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Sequential or Simultaneous Elections? A Welfare Analysis

  • Patrick Hummel
  • Brian Knight

This paper addresses a key question on the design of electoral systems. Should all voters vote on the same day or should elections be staggered, with late voters observing early returns before making their decisions? Using a model of voting and social learning, we illustrate that sequential elections place too much weight on the preferences and information of early states but also provide late voters with valuable information. Under simultaneous elections, voters equally weigh the available information but place too much weight on their priors, providing an inappropriate advantage to front-runners. Given these trade-offs, simultaneous elections are welfare-preferred if the front-runner initially has a small advantage, but sequential elections are welfare-preferred if the front-runner initially has a large advantage. We then quantitatively evaluate this trade-off using data based on the 2004 presidential primary. The results suggest that simultaneous systems outperform sequential systems although the difference in welfare is relatively small.

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Paper provided by National Bureau of Economic Research, Inc in its series NBER Working Papers with number 18076.

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Date of creation: May 2012
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Publication status: published as “Sequential or Simultaneous Elections? An Empirical Welfare Analysis” (with Patrick Hummell), NBER working paper 18076, 2012, forthcoming at the International Economic Review.
Handle: RePEc:nbr:nberwo:18076
Note: PE POL
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  1. Brian Knight & Nathan Schiff, 2010. "Momentum and Social Learning in Presidential Primaries," Journal of Political Economy, University of Chicago Press, vol. 118(6), pages 1110 - 1150.
  2. Prat, A., 1997. "Campaign Advertising and Voter Welfare," Discussion Paper 1997-118, Tilburg University, Center for Economic Research.
  3. Eric Maskin, 2003. "The Politician and the Judge: Accountability in Government," Theory workshop papers 505798000000000076, UCLA Department of Economics.
  4. Sushil Bikhchandani & David Hirshleifer & Ivo Welch, 1998. "Learning from the Behavior of Others: Conformity, Fads, and Informational Cascades," Journal of Economic Perspectives, American Economic Association, vol. 12(3), pages 151-170, Summer.
  5. Alessandro Lizzeri & Nicola Persico, . ""The Provision of Public Goods Under Alternative Electoral Incentives''," CARESS Working Papres 98-08, University of Pennsylvania Center for Analytic Research and Economics in the Social Sciences.
  6. Persson, Torsten & Roland , Gérard & Tabellini, Guido, 1997. "Comparative Politics and Public Finance," Seminar Papers 633, Stockholm University, Institute for International Economic Studies.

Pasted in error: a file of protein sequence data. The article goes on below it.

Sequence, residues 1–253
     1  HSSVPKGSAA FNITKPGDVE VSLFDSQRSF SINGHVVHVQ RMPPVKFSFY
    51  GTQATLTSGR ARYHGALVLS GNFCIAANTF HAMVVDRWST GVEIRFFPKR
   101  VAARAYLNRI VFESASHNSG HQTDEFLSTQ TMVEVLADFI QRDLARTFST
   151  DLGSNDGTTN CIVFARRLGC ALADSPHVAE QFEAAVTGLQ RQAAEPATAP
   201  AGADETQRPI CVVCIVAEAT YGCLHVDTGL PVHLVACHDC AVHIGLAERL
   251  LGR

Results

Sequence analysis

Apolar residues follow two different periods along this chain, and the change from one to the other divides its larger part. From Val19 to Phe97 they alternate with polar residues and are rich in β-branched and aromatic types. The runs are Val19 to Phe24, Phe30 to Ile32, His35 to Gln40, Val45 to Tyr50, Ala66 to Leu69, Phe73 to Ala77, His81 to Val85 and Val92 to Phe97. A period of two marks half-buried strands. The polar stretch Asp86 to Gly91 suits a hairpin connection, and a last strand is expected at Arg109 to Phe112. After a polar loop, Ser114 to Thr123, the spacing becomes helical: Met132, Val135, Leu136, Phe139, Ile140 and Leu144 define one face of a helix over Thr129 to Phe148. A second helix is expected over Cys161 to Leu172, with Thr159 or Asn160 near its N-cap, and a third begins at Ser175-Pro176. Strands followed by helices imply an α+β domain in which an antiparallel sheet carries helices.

7. Dekel, E. & Piccione, M., 1999. "Sequential Voting Procedures in Symmetric Binary Elections," Papers 3-99, Tel Aviv.
  8. Stephen Coate & Brian Knight, 2007. "Socially Optimal Districting: A Theoretical and Empirical Exploration," The Quarterly Journal of Economics, MIT Press, vol. 122(4), pages 1409-1471, November.
  9. Patrick Hummel & Richard Holden, 2013. "Optimal Primaries," NBER Working Papers 19340, National Bureau of Economic Research, Inc.
  10. Battaglini, Marco, 2004. "Sequential Voting with Abstention," Papers 05-19-2004, Princeton University, Research Program in Political Economy.
  11. Klumpp, Tilman & Polborn, Mattias K., 2006. "Primaries and the New Hampshire Effect," Journal of Public Economics, Elsevier, vol. 90(6-7), pages 1073-1114, August.
  12. S. Ali & Navin Kartik, 2012. "Herding with collective preferences," Economic Theory, Springer, vol. 51(3), pages 601-626, November.
  13. Bikhchandani, Sushil & Hirshleifer, David & Welch, Ivo, 1992. "A Theory of Fads, Fashion, Custom, and Cultural Change in Informational Cascades," Journal of Political Economy, University of Chicago Press, vol. 100(5), pages 992-1026, October.
  14. Torsten Persson & Guido Tabellini, 2004. "Constitutions and Economic Policy," Journal of Economic Perspectives, American Economic Association, vol. 18(1), pages 75-98, Winter.
  15. Patrick Hummel, 2011. "Sequential Voting When Long Elections Are Costly," Economics and Politics, Wiley Blackwell, vol. 23(1), pages 36-58, 03.
  16. Deniz Selman, 2011. "Optimal Sequencing of Presidential Primaries," Working Papers 2011/09, Bogazici University, Department of Economics.
  17. Stephen Coate, 2004. "Pareto-Improving Campaign Finance Policy," American Economic Review, American Economic Association, vol. 94(3), pages 628-655, June.
  18. Strumpf, Koleman S, 2002. " Strategic Competition in Sequential Election Contests," Public Choice, Springer, vol. 111(3-4), pages 377-97, June.
  19. Dekel, E. & Piccione, M., 1998. "On the equivalence of simulteneous and sequential binary elections," Discussion Paper Series In Economics And Econometrics 9801, Economics Division, School of Social Sciences, University of Southampton.
  20. Steger, Wayne P., 2008. "Forecasting the presidential primary vote: Viability, ideology and momentum," International Journal of Forecasting, Elsevier, vol. 24(2), pages 193-208.
  21. Banerjee, Abhijit V, 1992. "A Simple Model of Herd Behavior," The Quarterly Journal of Economics, MIT Press, vol. 107(3), pages 797-817, August.
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